hd_pubpage_230hIn only five years, the IDFA (International Drug Free Athletics) has gone from one event in Toronto to almost ten events across Canada. Its shows are huge and diverse – anywhere from several dozen to over a hundred competitors line the stage at every competition. And it’s now attracting competitors not only from its home country of Canada, but from the United States and overseas as well. Without question, the IDFA has not just become the fastest-growing organization, but also the most dominant one in Canada. 

I started covering IDFA events about three years ago. Since I wasn’t there at the beginning, I can’t say with any certainty exactly what its formula for success was right from the start. But from what I’ve seen in the last few years, I can point to a couple of things that have certainly helped to bolster its growth and make it the success it is today. 

One is the outstanding quality of its events, both on and off the stage. The IDFA always holds its events in first-rate venues, and the shows are always very well organized. Its promotional literature is outstanding and the coverage it gets in magazines has always been excellent. It was these elements of quality that attracted me to the group. It’s also likely what attracted so many outstanding competitors including Erik Alstrup, who is featured on our cover this month. Erik competed as a pro in the IFBB in the ‘90s and then disappeared from the competitive stage for about 11 years. Erik told me that it was the IDFA Natural Novice Classic in the spring of 2009 that enticed him to compete again. He did so in the IDFA three times last year, the first two times as an amateur, and he is now competing as one of the organization’s top pros, placing second to Dickens Lambert at the 2009 IDFA Pro Universe. Erik is scheduled to compete this month at the IDFA’s International Championships on July 17 in Toronto. 

Neil Flores (left) congratulates Erik Alstrup on his win at the 2009 IDFA Montreal Classic after an 11-year absence from the competitive bodybuilding stage.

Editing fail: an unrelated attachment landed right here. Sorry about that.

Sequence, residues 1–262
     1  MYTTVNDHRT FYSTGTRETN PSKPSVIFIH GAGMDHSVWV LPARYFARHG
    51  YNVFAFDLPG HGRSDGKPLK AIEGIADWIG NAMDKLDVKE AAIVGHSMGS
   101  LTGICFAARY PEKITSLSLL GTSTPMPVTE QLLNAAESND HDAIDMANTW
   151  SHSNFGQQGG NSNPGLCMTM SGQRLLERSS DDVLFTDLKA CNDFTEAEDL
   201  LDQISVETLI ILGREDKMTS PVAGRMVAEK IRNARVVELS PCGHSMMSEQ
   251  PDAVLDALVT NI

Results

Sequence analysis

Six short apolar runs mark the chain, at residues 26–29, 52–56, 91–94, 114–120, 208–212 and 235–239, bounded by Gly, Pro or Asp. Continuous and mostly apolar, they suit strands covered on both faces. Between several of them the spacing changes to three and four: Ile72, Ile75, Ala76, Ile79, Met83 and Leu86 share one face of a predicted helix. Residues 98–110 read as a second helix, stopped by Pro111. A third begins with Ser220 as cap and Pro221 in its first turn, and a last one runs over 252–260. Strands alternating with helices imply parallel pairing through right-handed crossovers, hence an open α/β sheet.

Another reason for its success is the IDFA’s insistence from the beginning on being a “natural” organization – in other words, one where competitors compete drug-free, which is not an insignificant proviso when it comes to bodybuilding. A number of people in the bodybuilding press and in various organizations will try to pull the wool over the public’s eyes, claiming that drugs are a problem in any sport, not just bodybuilding. True to a point. But I counter with this statement: Drugs in sport are a problem, but when drugs are the sport, it’s a far bigger problem, which is the way it is with bodybuilding. Quite simply, the drug epidemic in bodybuilding is at an all-time high, something that not only infiltrates the highest-levels of competitions, but the lower levels too. In my ten or so years covering the sport, I’ve been to far too many local level events where rank beginners are jacked up on more drugs than a pro was taking 20 or 30 years ago. In April, the International World Games Association voted unanimously to suspend the IFBB from its competition because since 1989 more than 68 percent of the positive drug tests were attributable to bodybuilding. It’s no wonder to me that the mainstream simply won’t accept bodybuilding and you can’t find it covered on TV.  A sport this rife with drug abuse just isn't acceptable. This image is something that the IDFA is working hard to change. 

From the beginning, president Shaun Campbell has insisted on a strong and effective drug-testing program to ensure the IDFA is drug-free and remains that way. In my opinion, it’s working. This has not only created a level playing field for its competitors, but has also created an organization with a positive image and the potential for mainstream exposure, not to mention enormous growth – proven by the fact that it has grown from one event to almost ten in about half a decade. I believe that for the longest time there has been a large number of natural competitors waiting for an organization to confront the drug problem head on, and when it happened, those people came to compete. As a result, this goal to promote natural bodybuilding like no one else was doing gave the IDFA a natural competitive advantage over other organizations; it should be no surprise that the IDFA naturally dominates the drug-free scene in Canada today. 

With the kind of success that the IDFA has had, you’d think it would be enough to tempt their executives to rest on their laurels. After all, it’s success that no other Canadian organization has replicated. But it’s not enough. President Shaun Campbell and vice president Desmona Cole have another surprise in store that they’ll reveal at the IDFA’s International Championships on July 17 in Toronto, Canada. It will help to make the organization bigger than it is today. I know what the surprise is, but I’m sworn to secrecy until the 17th. However, when they unveil it, it’s sure to solidify the IDFA’s position as the number-one bodybuilding organization in Canada and it will open the doors wider for even greater exposure for the organization and its competitors. Stay tuned!  Better yet, be there in Toronto for what’s sure to be a fantastic show! Look for times and ticketing information on www.IDFA.ca – home to the number-one physique organization in Canada.

. . . Doug Schneider, Publisher

Doug Schneider is the publisher and chief photographer for SeriousAboutMuscle.com.